"I don't want to take part in antisemitic operations or those that negate Israel's right to exist in the region. I see Israel as a liberal, modern state with a religious character. Israelis have a right to defend themselves.
"Take the war on Gaza...Hamas started it...They refused to speak to Israel, fired rockets at it and caused it to defend itself."
Three decades after Israel’s independence and 22 years after the Suez Crisis Egypt became the first Arab country to recognise its right to exist.
After 12 days of secret and intensive negotiations overseen by US president Jimmy Carter at the Maryland estate, an agreement was reached between Menachem Begin and Anwar Sadat giving Egypt control of the Sinai Peninsula.
The events of September 1978 ultimately became the Egypt-Israel peace treaty, signed in March 1979. Mr Begin and Mr Sadat later shared the Nobel Peace Prize and by 1982 Israel had completely left the Sinai area.
Six decades of failed peace efforts have left most Israelis (and Palestinians) deeply skeptical about the prospects for success.
The pattern is familiar - a new American president, faced with major difficulties at home and abroad, hopes that a Middle East peace breakthrough will help solve many of these problems. He squeezes the leaders of both sides, and as neither wants the label of "spoiler", they go along with the charade.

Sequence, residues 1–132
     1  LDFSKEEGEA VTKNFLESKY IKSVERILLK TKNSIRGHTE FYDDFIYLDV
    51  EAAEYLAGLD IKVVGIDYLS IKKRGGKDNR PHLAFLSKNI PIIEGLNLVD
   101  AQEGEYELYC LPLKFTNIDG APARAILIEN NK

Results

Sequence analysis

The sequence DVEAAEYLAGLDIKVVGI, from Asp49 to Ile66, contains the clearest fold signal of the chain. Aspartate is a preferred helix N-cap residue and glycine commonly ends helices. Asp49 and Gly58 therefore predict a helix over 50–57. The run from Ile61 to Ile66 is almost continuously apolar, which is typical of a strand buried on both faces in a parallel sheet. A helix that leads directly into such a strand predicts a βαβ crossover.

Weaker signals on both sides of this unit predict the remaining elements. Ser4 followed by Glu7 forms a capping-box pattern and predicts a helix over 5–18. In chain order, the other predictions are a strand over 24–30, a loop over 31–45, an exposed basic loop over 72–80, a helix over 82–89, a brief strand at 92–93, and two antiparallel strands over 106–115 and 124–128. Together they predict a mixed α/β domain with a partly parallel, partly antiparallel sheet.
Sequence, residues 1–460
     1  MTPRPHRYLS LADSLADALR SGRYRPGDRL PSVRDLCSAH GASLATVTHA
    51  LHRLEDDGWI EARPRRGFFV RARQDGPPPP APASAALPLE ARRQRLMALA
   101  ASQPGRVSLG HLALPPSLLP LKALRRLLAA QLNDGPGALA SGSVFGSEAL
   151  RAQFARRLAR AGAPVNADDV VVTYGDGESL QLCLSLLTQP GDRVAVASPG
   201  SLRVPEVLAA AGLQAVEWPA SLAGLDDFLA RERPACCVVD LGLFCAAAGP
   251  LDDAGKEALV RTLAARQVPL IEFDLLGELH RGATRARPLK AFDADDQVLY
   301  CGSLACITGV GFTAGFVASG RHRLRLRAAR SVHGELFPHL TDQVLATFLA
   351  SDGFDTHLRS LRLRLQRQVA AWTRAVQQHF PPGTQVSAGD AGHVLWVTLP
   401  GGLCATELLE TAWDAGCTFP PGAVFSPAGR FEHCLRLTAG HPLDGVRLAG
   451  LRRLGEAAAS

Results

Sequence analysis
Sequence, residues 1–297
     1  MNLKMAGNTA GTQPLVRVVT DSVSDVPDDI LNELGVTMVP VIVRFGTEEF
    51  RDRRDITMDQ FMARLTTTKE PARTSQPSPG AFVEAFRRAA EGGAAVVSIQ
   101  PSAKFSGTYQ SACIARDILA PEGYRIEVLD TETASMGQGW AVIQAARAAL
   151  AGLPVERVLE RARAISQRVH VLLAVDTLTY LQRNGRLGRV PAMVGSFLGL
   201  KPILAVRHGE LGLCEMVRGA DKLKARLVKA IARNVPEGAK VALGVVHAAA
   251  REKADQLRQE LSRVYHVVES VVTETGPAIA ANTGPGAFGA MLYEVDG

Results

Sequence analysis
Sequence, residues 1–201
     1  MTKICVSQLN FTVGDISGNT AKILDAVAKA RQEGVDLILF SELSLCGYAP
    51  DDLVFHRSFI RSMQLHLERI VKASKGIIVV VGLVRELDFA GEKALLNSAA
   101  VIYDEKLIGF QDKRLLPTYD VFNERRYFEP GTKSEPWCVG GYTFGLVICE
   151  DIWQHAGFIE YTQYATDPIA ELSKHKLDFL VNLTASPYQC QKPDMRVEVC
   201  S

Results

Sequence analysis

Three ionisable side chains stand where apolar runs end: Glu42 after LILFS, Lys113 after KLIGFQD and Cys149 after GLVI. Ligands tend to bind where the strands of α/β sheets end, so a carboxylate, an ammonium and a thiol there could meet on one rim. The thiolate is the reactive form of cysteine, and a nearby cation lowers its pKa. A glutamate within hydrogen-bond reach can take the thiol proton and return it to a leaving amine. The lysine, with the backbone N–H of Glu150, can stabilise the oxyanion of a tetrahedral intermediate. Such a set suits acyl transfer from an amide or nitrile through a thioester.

But the efforts fail, as core differences over history, religion (particularly in Jerusalem), borders and sovereignty remain insurmountable.
An unprecedented show of support for Israel has come from a group of almost entirely non-Jewish European and American politicians, statesmen and women and theologians.
Led by former Spanish prime minister José Maria Aznar, they have formed the Friends of Israel Initiative, to oppose the rising tide of criticism and delegitimisation that has questioned Israel's right to exist and act in self-defence.
Rumours that Egyptian President Hosni Mubarak is dying have caused concern in Israel over the future of the Israeli-Egyptian relationship.
Over the past three decades, Mr Mubarak has gained admirers in Israel for sticking to the Egyptian-Israeli peace treaty through wars and intifadas. But the "cold peace" does not depend on him personally and is still likely to persist in a post-Mubarak era, analysts say.